Pre-game focus: Three areas to watch when U.S. faces Portugal

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Ghana’s draw against Germany has given the United States a chance to move first in Group G, but with Cristiano Ronaldo and a desperate Portugal next in line, qualifying for the next round is far from certain. The U.S. needs two points over its next two games to clinch a spot in the final 16, though in the eyes of some, Jurgen Klinsmann’s team will be underdogs against both the Seleccao and the attack-heavy Germans.

But to the extent there is a talent gap between the U.S. and Portugal, a slew of absences that will help. Goalkeeper Rui Patricio, left back Fabio Coentrão, and forward Hugo Almeida are all injured, while central defender Pepe will be suspended after drawing a red card in game one. As questions about Ronaldo’s left knee persist, it’s unclear how strong FIFA’s fourth-ranked team will be at kickoff.

That leaves the U.S. with a chance to make history. The team’s never won two group stage games, let alone their first two, but if the team can summon the spirit of 2002 to help send another Portuguese team home, they’ll make history 180 minutes into their 2014 World Cup.

[ POSNANSKI: Confidence and the unconventional Klinsmann ]

Here are three areas of focus ahead of tomorrow’s 6:00 p.m. Eastern kickoff:

source: Getty Images1. Where moving Fabian Johnson could pay off – Johnson’s switch from the left side to right back late in club season is paying off for the U.S., though given Klinsmann’s liberal view of positions, the Germany-born wide man could have ended up at the position, regardless. Drawn into a group where the likes of Ronaldo and German Marco Reus posed game-deciding threats, Klinsmann may have prioritized his previously ailing right back position, and while Reus’s injury means Johnson will face a slightly less dynamic foe on Thursday, the move should still pay off against Ronaldo.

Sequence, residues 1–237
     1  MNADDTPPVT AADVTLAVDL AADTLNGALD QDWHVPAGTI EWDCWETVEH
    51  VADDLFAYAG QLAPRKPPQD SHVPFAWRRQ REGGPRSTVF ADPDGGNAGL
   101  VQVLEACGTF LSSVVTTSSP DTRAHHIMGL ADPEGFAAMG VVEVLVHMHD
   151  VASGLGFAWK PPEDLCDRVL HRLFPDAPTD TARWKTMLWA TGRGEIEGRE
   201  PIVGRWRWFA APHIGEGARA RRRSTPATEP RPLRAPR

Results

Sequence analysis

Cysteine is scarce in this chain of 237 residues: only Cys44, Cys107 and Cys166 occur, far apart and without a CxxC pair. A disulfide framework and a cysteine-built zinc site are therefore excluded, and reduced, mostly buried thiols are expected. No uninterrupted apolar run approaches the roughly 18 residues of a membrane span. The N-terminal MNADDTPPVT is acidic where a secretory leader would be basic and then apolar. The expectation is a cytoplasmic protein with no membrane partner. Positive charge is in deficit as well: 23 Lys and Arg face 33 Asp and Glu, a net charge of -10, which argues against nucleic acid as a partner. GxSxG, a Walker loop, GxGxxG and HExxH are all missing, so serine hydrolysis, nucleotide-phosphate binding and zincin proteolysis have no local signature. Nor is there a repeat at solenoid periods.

Scour the U.S.’s player pool, and there’s no better player to lineup opposite the Real Madrid star than the 26-year-old Johnson. To the extent that anybody can challenge a player like Ronaldo, the Germany-born Johnson has the profile to do so, combining speed, strength, size, athleticism and experience. While that hasn’t produced perfect performances in his last four starts, it does provide the U.S. a surprisingly viable option against the Portuguese star. Not many squads have a player like Johnson.